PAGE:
• Use a single fax number for primary documentation. Seven Hills Surgery Center uses a scheduling process that is not fully electronic, leaving some margin for error. "Some of the human element still exists in smaller freestanding centers," says Tracy Helmer, R.N., director of nursing. Seven Hills implemented a confirmation process so schedulers now fax back exact wording for a procedure and get final sign-off from the physician's office. "Prior, we could get transcription errors because we hadn't closed that communication loop," says Helmer.
  • Build on relationships with physician offices to improve the accuracy of information received and methods used. At Holy Spirit Hospital, scheduling and instructions for many surgeries had been handled by phone, and in many cases there was no written record. "Problems can start in the scheduling office," says Susan McQuade, R.N., associate director of surgical services. "If there's no documentation, it can have a downstream effect in the OR." The hospital revised its scheduling process and implemented higher standards for documents.

Pre-op defects include inconsistent use of site-marking protocol and marks made with non-approved surgical-site markers. Targeted solutions include:

  • In the pre-op/holding area, have the surgeon mark as close as possible to the incision site using a single-use surgical skin marker and a consistent mark type. The Center for Health Ambulatory Surgery Center has approximately 100 different providers on its active medical staff, with 50 participating in 80 percent of its cases. Staff at the center, which has many cataract cases, performed an audit and found inconsistencies in surgical-site marking, including how it was done (checkmarks, dots or the word "yes"), where it was done (eyebrows can get in the way for eye surgery) and when it was done (before or after prep or draping, or just before incision). According to Thomas J. Feldman, CEO, standardizing site marking provided an opportunity to "close the gap." "Eliminating variations based on provider preference lends itself to lessening the chance of wrong-site surgery," Feldman observes.

Operating room defects include distractions and rushing during time-out, when the entire operative team stops before surgery begins and verifies patient identity and the correct side or site and procedure. Defects also occur when the time-out is performed without full participation, or if there is an ineffective hand-off communication or briefing process. Targeted solutions include:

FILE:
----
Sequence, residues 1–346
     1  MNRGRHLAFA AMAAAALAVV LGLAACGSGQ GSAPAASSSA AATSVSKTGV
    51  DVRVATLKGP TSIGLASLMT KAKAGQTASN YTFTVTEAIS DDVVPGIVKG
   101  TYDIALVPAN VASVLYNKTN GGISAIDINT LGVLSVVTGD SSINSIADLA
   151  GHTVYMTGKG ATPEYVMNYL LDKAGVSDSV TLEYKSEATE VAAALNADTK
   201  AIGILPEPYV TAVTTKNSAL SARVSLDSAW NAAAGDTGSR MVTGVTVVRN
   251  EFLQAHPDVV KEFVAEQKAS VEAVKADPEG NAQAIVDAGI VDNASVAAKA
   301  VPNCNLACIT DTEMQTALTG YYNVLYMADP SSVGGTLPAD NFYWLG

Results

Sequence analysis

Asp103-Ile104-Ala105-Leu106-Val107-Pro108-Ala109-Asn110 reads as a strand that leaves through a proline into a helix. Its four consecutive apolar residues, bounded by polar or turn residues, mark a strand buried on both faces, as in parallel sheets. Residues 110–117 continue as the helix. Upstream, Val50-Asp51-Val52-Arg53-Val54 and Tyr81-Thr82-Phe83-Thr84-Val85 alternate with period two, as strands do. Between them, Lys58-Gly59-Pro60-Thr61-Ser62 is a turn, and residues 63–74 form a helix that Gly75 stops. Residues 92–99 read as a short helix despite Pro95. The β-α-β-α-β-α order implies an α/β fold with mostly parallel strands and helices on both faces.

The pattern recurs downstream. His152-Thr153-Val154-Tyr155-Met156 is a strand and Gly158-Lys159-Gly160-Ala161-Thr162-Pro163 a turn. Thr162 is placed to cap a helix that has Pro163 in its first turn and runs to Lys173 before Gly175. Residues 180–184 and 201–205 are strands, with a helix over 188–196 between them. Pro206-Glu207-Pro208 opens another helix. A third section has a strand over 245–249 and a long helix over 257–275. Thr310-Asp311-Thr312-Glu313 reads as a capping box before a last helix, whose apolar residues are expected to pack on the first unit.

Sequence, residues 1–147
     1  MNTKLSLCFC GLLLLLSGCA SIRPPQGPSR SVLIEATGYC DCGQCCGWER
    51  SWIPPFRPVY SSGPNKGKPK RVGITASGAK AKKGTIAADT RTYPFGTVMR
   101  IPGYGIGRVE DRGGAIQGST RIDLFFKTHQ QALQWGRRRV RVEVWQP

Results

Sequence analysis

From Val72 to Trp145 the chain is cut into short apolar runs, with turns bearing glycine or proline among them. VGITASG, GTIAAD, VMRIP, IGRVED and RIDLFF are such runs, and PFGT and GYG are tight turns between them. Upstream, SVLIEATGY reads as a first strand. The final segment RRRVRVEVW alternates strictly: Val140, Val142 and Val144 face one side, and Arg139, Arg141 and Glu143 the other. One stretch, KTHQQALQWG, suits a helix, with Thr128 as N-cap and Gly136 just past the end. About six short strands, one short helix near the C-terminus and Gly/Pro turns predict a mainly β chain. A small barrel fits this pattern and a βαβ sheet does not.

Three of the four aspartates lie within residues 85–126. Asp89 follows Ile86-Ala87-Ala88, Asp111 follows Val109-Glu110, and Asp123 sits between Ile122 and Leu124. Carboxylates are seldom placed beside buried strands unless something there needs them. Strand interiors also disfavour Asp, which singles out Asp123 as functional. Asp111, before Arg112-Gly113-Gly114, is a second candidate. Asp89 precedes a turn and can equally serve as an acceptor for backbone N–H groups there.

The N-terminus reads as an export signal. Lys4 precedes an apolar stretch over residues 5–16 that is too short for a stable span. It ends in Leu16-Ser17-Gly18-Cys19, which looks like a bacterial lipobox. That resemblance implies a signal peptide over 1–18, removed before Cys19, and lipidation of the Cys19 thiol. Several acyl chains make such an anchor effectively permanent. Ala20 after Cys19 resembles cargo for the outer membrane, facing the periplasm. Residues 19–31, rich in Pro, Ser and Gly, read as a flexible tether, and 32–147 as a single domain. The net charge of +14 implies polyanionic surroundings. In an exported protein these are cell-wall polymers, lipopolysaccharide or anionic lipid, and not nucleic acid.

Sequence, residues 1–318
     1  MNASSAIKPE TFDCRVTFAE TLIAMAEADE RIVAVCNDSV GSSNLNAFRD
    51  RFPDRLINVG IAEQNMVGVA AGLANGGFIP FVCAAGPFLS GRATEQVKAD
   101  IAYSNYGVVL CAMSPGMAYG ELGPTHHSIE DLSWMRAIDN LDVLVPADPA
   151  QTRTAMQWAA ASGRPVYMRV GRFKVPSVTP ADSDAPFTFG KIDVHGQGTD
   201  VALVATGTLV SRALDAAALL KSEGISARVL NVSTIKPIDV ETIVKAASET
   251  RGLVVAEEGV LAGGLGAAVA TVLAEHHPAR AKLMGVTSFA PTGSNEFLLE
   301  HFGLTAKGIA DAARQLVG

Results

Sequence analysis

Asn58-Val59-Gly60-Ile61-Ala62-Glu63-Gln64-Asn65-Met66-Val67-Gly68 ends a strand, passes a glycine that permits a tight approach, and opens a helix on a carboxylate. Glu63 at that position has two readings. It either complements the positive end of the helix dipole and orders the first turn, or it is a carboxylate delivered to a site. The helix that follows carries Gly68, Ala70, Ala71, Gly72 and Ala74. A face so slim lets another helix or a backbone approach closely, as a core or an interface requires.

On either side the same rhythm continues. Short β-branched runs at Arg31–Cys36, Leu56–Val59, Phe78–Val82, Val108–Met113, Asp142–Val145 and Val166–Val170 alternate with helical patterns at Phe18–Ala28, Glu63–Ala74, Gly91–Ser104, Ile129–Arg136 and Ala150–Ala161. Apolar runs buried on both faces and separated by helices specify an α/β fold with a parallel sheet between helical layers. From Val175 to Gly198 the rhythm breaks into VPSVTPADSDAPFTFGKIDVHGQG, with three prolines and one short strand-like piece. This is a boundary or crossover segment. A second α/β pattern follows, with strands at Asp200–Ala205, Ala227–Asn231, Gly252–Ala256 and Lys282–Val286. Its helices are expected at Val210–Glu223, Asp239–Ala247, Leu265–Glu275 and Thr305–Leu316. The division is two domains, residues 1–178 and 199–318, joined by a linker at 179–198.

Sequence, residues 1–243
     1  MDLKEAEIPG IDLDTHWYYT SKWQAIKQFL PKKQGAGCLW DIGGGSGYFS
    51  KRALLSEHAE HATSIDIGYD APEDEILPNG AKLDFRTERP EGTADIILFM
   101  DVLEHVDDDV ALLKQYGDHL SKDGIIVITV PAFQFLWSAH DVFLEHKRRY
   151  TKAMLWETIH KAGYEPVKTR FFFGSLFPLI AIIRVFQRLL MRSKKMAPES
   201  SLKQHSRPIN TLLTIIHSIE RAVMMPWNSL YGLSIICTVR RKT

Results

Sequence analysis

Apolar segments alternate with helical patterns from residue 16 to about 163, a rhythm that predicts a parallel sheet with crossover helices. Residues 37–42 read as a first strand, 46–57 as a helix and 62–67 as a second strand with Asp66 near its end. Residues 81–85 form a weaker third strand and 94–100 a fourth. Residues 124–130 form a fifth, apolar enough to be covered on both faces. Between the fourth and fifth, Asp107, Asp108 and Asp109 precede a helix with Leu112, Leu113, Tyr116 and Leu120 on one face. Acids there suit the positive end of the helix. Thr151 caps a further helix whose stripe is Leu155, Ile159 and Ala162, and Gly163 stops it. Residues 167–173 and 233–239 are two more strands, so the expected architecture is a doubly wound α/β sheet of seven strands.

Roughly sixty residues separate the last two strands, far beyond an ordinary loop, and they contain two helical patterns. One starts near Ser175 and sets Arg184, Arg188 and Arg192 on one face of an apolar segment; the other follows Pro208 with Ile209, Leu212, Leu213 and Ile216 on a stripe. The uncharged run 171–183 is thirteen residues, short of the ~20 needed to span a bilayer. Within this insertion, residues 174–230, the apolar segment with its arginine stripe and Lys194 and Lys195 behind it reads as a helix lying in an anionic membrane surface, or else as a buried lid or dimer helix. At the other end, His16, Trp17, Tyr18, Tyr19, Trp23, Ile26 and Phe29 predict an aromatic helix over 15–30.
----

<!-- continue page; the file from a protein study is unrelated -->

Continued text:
• Work with the operating room team to develop a role-based time-out process that works for your organization. Thomas Jefferson University Hospital was the participating organization with the most annual surgeries (38,214) and most ORs (57). "Our OR has high volume and a lot of impetus to move things along," explains Richard Webster, R.N., COO. Webster notes that among the most important changes the hospital made during the project was revamping time-out to support staff who felt rushed at times. "We looked at staffing and — without adding any more full-time equivalents — provided an additional nurse for every two ORs, by modifying the times later shift nurses arrived for providing breaks and lunches," he says. Designated roles for these nurses include providing support for cases getting started and cases closing as well as giving breaks for staff during long surgeries. "[The change] gave our staff the support they felt they needed. And it didn't cost anything extra," Webster says. But the hospital also changed its OR policies to avoid anyone entering the OR during time-out and at other critical points during surgery.
  • Perform a standardized time-out process and give every team member an active role to play. At La Veta Surgical Center, the process was perfected to always perform the time-out just before incision — "the most critical moment and everyone is paying attention," points out Maurice Berry, R.N., director of nursing. "One of the biggest challenges is communication and empowering the team to speak up. Focusing on time-out has heightened everyone's awareness," he adds.